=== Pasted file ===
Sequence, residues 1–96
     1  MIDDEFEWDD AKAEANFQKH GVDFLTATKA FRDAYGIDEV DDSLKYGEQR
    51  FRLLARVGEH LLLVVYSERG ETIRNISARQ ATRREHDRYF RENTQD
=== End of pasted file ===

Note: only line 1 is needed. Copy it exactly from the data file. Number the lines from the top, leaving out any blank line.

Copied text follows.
Sequence, residues 1–96